- Open surgery involves cutting the skin, muscles, and tissues to remove the organ. When open surgery is done, the person may have more pain and a longer recovery time.
- Laparoscopic surgery is a procedure in which a surgeon makes a number of small incisions and uses scopes to remove the organ from a living donor.
Throughout the planning process, know that it's never too late to change your mind about donating an organ. Talk with your IDA and others you trust to be sure you're making the right decision for you. Your long-term health is just as important as that of the person who will receive your donation.
What are the facts about living organ donation?
You don't have to be in perfect health to donate an organ. As long as the organ you donate is healthy, there are a lot of health conditions that won't prevent a successful donation.
Living organ donation can be risky for both the donor and the recipient. Removing an organ, or a part of an organ, from your body involves major surgery. There is always the risk of complications from surgery, such as pain, infection, pneumonia, bleeding, and even death. After the surgery you may face changes in your body from having removed one of your organs.
Living organ donation can be costly. Your medical expenses related to the transplant surgery will be paid for by your or the recipient's provincial health plan. But also think of your costs in terms of lost wages, child care, and possible medical problems in the future. Your own private insurance premiums may rise after the surgery, and later you might have problems getting or keeping private health, life, or disability insurance. Check with your private insurance provider for more information about how your donation may affect your coverage.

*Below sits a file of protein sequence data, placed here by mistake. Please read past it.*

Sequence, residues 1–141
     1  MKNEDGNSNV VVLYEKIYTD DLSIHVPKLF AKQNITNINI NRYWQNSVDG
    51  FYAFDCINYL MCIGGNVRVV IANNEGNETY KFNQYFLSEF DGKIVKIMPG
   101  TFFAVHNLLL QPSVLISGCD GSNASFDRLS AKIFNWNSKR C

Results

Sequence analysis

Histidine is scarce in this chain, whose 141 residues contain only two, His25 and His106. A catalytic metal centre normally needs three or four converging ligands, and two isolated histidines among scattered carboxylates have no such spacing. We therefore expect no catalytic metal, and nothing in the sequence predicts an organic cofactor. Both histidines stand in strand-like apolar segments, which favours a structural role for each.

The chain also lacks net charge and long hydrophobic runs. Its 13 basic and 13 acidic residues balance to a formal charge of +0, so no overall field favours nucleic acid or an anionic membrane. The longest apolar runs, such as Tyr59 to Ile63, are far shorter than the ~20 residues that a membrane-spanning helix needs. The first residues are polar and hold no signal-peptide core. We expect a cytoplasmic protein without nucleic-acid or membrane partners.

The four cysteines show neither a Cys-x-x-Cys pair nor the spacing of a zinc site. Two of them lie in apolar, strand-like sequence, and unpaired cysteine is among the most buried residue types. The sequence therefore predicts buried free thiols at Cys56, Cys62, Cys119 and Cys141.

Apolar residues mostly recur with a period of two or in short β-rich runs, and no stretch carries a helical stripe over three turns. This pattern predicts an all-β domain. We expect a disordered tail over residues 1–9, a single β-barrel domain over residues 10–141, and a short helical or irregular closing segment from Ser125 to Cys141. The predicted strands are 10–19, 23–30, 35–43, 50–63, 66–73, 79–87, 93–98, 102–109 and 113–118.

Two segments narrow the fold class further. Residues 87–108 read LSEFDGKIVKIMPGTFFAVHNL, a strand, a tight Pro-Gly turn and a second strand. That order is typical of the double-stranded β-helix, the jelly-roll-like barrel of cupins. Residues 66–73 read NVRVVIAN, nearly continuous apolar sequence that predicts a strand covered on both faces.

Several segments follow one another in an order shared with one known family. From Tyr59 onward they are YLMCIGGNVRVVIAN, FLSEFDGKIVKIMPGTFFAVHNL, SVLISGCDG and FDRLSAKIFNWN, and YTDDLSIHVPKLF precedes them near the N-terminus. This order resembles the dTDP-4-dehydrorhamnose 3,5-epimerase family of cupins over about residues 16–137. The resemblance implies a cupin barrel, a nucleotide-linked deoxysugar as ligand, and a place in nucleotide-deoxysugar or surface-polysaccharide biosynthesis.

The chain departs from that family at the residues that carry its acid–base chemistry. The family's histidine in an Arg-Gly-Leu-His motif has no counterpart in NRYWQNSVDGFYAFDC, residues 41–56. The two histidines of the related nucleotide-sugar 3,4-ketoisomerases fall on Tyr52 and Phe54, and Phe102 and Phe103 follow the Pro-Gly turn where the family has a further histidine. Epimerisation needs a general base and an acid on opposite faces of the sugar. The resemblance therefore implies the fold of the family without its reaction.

Living organ donation is rewarding. After a successful transplant, most donors feel a special sense of well-being because they have saved a life.
All major religions allow organ donation. The Christian, Jewish, Muslim, Buddhist, and Hindu faiths encourage organ donation or leave it up to individual choice. Ask your spiritual advisor if you have questions about your religion's views on organ donation.
Other Places To Get Help
|Canadian Association of Transplantation 774 Echo DriveOttawa, ON K1S 5N8|
The Canadian Association of Transplantation (CAT) was created in 1987 and has been instrumental in promoting organ/tissue donation and transplantation in Canada. This Web site provides helpful information and links for people in need of an organ transplant as well as those interested in becoming an organ donor.
|Canadian Diabetes Association|
|1400-522 University Avenue|
|Toronto, ON M5G 2R5|
The Canadian Diabetes Association (CDA) is devoted to meeting the needs of people with diabetes in Canada. This organization provides general information about diabetes and its care. It organizes summer camps for young people with diabetes and conducts educational seminars to help people manage their diabetes. The CDA also sells a range of products, including cookbooks, in its stores.
|Canadian Liver Foundation|
|2235 Sheppard Avenue East|
|Toronto, ON M2J 5B5|
The Canadian Liver Foundation funds medical research and offers education and support programs for liver disease patients, their families and friends, health professionals, and the general public.
|Canadian Lung Association|
|1750 Courtwood Crescent Street|
|Ottawa, ON K2C 2B5|
The Canadian Lung Association focuses on research, education, and the promotion of respiratory health. The organization offers educational information on a variety of diseases and environmental threats, as well as information on research, support groups, and resources for children and teachers. Call to find a local office in your area.
|15000 Commerce Parkway|
|Mount Laurel, NJ 08054|
Healthy Transplant is a website sponsored by the American Society of Transplantation. This website helps people learn about transplantation. Patients can build a profile and take an active role in their health care. The website was created to help patients and family members understand more about transplantation and help people be more involved in their health care.
|Primary Medical Reviewer||E. Gregory Thompson, MD - Internal Medicine|
|Specialist Medical Reviewer||Anne C. Poinier, MD - Internal Medicine|
|Last Revised||March 6, 2012|